, Volume 206, Issue 1, pp 61-77

The root zone dynamics of water uptake by a mature apple tree

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We report the results from a field experiment in which we examined the spatial and temporal patterns of water uptake by a mature apple tree (Malus domestica Borkh., ‘Splendour’) in an orchard. Time Domain Reflectometry (TDR) was used to measure changes in the soil's volumetric water content, and heat-pulse was used to monitor locally the rates of sap flow in the trunk and roots of the tree. We also measured the tree's distribution of root-length density and obtained supporting data to characterize the soil's hydraulic properties. The experimental data were used to examine the output of the WAVE-model (Vanclooster et al, 1995; Ecol. Model. 81, 183–185) in which soil water transport is predicted using Richards' equation, and where root uptake is represented by a distributed macroscopic sink term.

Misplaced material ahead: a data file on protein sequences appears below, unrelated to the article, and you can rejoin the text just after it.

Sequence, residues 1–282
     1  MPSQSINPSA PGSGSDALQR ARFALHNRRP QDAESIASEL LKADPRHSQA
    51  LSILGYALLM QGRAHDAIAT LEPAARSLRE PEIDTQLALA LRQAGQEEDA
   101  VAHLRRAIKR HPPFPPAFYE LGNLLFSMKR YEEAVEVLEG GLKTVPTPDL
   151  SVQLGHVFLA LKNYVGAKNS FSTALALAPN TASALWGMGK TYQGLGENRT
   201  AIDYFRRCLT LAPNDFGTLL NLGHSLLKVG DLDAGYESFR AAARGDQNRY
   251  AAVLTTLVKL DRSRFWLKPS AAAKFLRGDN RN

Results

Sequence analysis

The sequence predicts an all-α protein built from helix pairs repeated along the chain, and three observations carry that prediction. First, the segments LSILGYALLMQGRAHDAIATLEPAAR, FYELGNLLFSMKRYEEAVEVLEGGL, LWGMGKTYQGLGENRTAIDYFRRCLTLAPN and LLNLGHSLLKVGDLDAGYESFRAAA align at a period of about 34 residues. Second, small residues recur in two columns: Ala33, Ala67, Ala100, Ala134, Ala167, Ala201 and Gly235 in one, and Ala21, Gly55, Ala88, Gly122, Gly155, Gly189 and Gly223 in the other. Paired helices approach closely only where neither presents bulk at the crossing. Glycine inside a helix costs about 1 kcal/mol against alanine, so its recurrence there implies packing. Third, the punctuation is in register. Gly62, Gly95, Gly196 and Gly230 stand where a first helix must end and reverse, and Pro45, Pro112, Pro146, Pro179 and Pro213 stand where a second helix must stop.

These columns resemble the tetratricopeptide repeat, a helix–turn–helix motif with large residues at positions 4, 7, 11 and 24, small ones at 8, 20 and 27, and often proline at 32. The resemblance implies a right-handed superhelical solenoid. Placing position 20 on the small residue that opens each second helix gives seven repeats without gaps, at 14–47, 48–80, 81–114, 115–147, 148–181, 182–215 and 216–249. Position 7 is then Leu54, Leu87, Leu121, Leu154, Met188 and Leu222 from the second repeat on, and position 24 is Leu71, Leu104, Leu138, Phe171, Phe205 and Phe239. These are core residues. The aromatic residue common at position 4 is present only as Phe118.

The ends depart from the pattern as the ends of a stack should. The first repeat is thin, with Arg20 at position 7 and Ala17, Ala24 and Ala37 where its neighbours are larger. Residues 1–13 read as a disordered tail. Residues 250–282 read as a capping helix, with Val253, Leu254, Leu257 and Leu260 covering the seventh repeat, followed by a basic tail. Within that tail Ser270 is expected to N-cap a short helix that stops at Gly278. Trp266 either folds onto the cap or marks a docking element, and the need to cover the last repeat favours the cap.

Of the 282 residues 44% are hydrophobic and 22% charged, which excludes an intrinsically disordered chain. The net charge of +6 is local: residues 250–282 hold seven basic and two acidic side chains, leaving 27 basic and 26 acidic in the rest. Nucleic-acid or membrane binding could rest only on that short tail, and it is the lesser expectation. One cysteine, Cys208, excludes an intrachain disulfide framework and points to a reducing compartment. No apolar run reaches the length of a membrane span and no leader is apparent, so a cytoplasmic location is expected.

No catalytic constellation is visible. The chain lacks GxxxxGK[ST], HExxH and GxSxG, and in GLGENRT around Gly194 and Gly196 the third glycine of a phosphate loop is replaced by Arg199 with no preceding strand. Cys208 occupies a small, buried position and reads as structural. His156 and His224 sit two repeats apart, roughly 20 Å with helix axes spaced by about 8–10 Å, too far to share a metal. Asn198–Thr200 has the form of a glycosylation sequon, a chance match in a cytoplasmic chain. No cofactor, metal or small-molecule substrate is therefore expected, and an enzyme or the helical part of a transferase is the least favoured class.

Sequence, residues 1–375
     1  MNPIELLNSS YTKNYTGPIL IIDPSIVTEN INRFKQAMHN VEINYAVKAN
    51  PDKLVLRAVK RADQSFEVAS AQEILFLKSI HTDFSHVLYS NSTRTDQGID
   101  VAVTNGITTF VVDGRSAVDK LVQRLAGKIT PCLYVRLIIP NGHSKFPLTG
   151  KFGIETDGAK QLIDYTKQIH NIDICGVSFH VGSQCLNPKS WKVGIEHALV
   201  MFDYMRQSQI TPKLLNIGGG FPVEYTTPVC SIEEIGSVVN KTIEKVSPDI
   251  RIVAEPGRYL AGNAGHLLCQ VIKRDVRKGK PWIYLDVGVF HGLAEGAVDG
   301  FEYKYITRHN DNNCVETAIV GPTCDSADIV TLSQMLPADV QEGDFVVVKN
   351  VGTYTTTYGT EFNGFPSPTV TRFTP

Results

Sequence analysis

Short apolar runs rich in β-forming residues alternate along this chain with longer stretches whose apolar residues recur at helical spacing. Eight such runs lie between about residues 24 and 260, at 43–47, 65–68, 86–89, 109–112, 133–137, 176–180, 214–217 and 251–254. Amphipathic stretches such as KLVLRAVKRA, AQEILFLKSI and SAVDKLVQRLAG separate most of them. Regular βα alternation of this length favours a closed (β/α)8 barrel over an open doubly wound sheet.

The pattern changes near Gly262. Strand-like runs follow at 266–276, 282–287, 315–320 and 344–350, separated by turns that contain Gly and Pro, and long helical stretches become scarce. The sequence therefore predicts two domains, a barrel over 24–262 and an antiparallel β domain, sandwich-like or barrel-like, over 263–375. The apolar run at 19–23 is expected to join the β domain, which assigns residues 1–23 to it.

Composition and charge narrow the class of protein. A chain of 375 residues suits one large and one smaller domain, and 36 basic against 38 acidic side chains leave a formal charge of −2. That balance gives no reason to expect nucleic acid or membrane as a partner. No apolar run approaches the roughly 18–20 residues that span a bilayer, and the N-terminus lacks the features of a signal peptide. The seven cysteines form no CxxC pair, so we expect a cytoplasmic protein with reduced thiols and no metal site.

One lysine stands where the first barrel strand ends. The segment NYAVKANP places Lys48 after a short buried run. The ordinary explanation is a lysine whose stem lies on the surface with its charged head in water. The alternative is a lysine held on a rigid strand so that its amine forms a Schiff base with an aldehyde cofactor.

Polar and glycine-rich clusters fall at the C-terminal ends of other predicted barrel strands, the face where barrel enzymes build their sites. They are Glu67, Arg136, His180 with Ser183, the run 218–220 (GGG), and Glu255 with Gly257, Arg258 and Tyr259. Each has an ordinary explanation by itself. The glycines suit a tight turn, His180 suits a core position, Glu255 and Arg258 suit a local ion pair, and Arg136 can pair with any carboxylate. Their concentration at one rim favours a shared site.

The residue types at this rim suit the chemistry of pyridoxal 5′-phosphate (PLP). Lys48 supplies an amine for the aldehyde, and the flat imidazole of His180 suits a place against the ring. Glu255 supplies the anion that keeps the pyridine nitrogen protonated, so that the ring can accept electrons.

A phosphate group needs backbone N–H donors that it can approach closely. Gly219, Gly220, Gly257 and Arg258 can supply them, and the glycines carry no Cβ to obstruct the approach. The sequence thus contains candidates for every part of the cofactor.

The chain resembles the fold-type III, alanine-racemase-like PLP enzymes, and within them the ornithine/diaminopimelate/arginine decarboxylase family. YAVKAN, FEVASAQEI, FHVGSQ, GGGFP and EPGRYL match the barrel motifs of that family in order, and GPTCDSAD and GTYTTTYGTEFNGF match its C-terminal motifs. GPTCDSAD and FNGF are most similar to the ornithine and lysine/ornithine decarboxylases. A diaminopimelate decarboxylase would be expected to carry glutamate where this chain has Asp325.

When the surface soil layers were uniformly wet, 70% of the trees water uptake occurred in the top 0.4 m of the root zone, in which approximately 70% of the tree's fine roots were located. When a partial irrigation was applied to just one side of the root zone, the apple tree quickly shifted its pattern of water uptake with an almost two-fold increase in uptake from the wetter soil parts and a corresponding reduction in uptake from the drier parts. The response of root-sap flow to irrigation was almost immediate (i.e. root flow increased within hours of the irrigation). Following subsequent irrigations over the whole soil surface, TDR measurements revealed a surface-ward shift in the pattern of water extraction, and root flow measurements revealed a recovery in the uptake function of seemingly inactive roots located in the previously-dry soil. Via our root sap flow measurements, we observed two roots on the same tree locally responding quite differently to similar events of soil wetting. This observation suggests that there may be considerable functional variability across the apple root system. Our measurement-model calculations yielded similar results and stress the prime role played by the plant in modifying the root zone balance of water. Following an irrigation or rainfall event, root uptake by apple appears to be more dependent upon the near-surface availability of water than it is related to the distribution of fine roots.